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  1. #1
    Join Date
    Jul 2007
    Posts
    4

    Help with forced air system/HW!

    Hi - very basic questions here from an HVAC learner. We're adding a 2nd floor to a 1950 cape with recessed hw radiators and oil heat. Looking for a bit of advice re the new system.

    We didn't want to remove the radiators (we like the heat) on the 1st floor, but based on the fact that
    1. the low hanging pipes in the basement that have to be moved are heat pipes
    2. that the first floor changes would require relocating 3 radiators,
    3. adding ac ductwork anyway; and
    4. the radiators have 2 coats of paint on them

    we are looking at forced air. Also converting to gas.

    Question 1: I once had a forced air furnace and it was a cycle of huge noisy windy blast of heat and then a slow cool. and dry. Hated it. Are they better now? what should I look for in a forced air system to avoid this?

    Question 2: what hot water system is best with a forced air system? I never want to have the amount of hot water be an issue. Tankless? There will be 3 full baths.

    Thanks for your advice. much appreciated.

    Southern CT, Fairfield county
    Last edited by kremlin; 11-10-2007 at 03:37 PM.

  2. #2
    Join Date
    Oct 2003
    Location
    Washington
    Posts
    7,405
    First off, where are you located?? We can direct you to someone in your area on here who can help you personally.

  3. #3
    Join Date
    May 2000
    Location
    Indianapolis, IN, USA
    Posts
    34,586
    Forced air systems are as good as the design is. Starting from scratch a competent dealer (hard to find) can design a great duct system, add zoning, air cleaning, humidifying... But this dealer will not be cheap and a cheap dealer probably won't do a good job.

    The heating system does not determine humidity in the home. Infiltration does. Again starting from scratch with the upstairs, built it tight to keep outside air out (foam insulation, lots of caulk) and you won't have a humidity problem. Leaky house, you'll need the humidifier.

    Tankless hot water probably would be a good suggestion.

  4. #4
    Join Date
    Jul 2007
    Posts
    4
    Quote Originally Posted by seatonheating View Post
    First off, where are you located?? We can direct you to someone in your area on here who can help you personally.
    thanks. southern ct. fairfield county

  5. #5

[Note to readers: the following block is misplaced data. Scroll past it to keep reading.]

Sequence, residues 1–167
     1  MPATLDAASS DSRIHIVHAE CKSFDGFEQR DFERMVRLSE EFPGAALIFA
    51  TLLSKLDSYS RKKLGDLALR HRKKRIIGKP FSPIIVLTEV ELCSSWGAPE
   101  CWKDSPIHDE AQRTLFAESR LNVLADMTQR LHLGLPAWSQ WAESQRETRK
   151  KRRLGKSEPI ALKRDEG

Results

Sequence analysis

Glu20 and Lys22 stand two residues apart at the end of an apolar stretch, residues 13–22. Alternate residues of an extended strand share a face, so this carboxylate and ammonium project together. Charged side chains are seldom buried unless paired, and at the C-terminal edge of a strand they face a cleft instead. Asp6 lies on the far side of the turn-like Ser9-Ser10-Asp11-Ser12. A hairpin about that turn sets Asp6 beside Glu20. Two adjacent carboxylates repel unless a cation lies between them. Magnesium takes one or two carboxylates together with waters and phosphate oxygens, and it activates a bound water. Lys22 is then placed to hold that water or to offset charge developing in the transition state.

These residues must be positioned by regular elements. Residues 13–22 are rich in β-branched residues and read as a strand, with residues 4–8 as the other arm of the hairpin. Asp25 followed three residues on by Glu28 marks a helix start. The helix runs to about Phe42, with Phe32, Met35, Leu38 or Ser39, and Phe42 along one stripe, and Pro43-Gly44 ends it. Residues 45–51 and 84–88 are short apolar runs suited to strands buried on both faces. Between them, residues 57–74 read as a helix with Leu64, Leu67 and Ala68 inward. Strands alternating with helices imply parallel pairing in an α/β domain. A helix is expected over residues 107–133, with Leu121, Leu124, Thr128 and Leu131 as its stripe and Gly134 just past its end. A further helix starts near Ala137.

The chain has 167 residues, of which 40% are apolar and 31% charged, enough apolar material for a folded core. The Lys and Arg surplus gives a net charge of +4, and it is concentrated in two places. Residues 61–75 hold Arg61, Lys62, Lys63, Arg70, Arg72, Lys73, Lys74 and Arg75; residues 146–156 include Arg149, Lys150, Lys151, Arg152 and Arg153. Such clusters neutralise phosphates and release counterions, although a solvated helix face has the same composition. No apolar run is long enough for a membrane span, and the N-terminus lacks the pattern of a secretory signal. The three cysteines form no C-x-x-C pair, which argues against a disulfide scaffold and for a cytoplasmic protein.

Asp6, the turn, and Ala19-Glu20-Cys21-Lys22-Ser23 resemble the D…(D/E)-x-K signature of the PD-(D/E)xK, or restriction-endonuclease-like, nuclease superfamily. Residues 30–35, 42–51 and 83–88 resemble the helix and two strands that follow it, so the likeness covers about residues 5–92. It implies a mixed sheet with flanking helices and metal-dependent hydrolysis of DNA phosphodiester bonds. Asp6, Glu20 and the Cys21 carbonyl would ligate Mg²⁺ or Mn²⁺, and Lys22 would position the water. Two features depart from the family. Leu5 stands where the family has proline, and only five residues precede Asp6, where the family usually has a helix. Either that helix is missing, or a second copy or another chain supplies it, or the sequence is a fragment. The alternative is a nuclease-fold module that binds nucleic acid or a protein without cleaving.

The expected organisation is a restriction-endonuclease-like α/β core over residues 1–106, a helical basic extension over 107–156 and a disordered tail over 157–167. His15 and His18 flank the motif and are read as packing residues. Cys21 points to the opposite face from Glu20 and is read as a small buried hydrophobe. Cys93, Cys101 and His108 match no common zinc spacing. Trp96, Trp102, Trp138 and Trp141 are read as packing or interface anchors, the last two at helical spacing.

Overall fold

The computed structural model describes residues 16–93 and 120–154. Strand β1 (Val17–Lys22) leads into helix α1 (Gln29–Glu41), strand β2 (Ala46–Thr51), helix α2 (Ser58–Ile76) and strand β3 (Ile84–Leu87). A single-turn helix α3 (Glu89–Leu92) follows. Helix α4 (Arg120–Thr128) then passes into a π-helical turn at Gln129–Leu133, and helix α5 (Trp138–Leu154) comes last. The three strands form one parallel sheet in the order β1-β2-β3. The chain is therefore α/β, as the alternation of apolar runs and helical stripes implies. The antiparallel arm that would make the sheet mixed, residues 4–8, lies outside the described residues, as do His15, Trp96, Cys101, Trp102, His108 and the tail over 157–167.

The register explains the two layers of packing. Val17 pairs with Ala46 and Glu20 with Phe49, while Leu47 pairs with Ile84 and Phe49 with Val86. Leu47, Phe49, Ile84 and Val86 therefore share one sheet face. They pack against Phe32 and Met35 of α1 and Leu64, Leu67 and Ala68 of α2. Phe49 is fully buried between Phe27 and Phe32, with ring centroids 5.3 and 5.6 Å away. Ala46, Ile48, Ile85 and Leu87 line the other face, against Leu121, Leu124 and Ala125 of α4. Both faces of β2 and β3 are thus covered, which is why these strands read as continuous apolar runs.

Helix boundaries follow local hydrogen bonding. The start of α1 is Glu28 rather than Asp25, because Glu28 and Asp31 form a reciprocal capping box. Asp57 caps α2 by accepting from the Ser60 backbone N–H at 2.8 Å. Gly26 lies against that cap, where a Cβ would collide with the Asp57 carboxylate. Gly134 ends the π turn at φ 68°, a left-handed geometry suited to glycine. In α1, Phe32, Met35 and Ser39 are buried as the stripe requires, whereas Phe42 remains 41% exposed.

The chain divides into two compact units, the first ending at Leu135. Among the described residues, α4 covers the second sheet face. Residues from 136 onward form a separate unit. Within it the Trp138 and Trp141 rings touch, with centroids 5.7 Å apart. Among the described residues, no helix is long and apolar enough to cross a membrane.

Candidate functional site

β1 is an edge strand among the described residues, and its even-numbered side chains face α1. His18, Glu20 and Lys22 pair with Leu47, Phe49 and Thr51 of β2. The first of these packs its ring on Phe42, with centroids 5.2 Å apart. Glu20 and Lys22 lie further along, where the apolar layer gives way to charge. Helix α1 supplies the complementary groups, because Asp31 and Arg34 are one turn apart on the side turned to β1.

Join Date
    Jul 2007
    Posts
    4
    BaldLoonie - concerned about cost of course, but understand that good work is wirth the extra money. The upstairs will be tight.

    As to hot water, will one tankless be enough? can 2 be run? i've heard of issues with flow from tankless.

  6. #6
    Join Date
    May 2000
    Location
    Indianapolis, IN, USA
    Posts
    34,586
    Unless all 3 tubs wanna fill at once, you should be fine with 1 tankless. Another choice is a big 75 gallon tank type.

  7. #7
    Join Date
    Feb 2003
    Posts
    1,996

    With today's PEX tubing

    No reason why you can't relocate those rads, or put in some stylish panel rads or high end baseboard. You can snake the PEX tubing almost like electrical wiring. Get a modulating /condensing gas boiler with an indirect HW tank. Run tubing to the new floor and do all the zoning you want. You make it much easier and simpler to design ductwork for AC only. In the north east we got the heat on 1/2 the year. Why would you give up the best heating system there is: hydronic heat.

  8. #8
    Join Date
    Jul 2007
    Posts
    4
    As noted, I like the radiator heat, but the factors against it are the cost of moving the pipes in the basement, somehow refinishing the existing radiators as they have several coats of paint, cost of relocating first floor radiators. Just the fact that we would have to refinish the existing radiators would seem to be enough of an issue.

    Is forced air really that bad? I've only lived with it once for a few months and the system was horrible but I understand that things are much better with 2 stage furnaces, variable speed air handlers etc.

    If we do go with forced air, I'd love some advice on hot water!

    Thanks all for your input!

  9. #9
    Join Date
    Feb 2003
    Posts
    1,996

    Sounds like

    you're just listening to the hot air HVAC guy. Sad, you'll be sorry. You're going with the less efficent heating system. Just get a 40 gal. gas water heater. Cheapest thing you can get.

  10. #10
    Join Date
    Aug 2007
    Location
    South central WI
    Posts
    257
    Hydronic offers a level of comfort that hot air can not. Pex tubing itself is economical and pex can be run in most places. I wouldn't give up this kind of heat myself.

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